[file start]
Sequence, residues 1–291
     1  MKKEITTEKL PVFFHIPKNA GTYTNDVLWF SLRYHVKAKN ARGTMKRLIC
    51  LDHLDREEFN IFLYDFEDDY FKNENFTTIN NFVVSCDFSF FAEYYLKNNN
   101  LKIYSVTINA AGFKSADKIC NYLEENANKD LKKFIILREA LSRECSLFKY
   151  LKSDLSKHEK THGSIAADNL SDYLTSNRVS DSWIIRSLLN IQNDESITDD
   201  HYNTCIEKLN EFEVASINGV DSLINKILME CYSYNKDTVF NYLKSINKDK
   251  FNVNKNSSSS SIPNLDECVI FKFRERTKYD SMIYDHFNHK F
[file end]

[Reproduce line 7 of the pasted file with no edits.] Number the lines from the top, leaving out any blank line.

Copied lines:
   251  FNVNKNSSSS SIPNLDECVI FKFRERTKYD SMIYDHFNHK F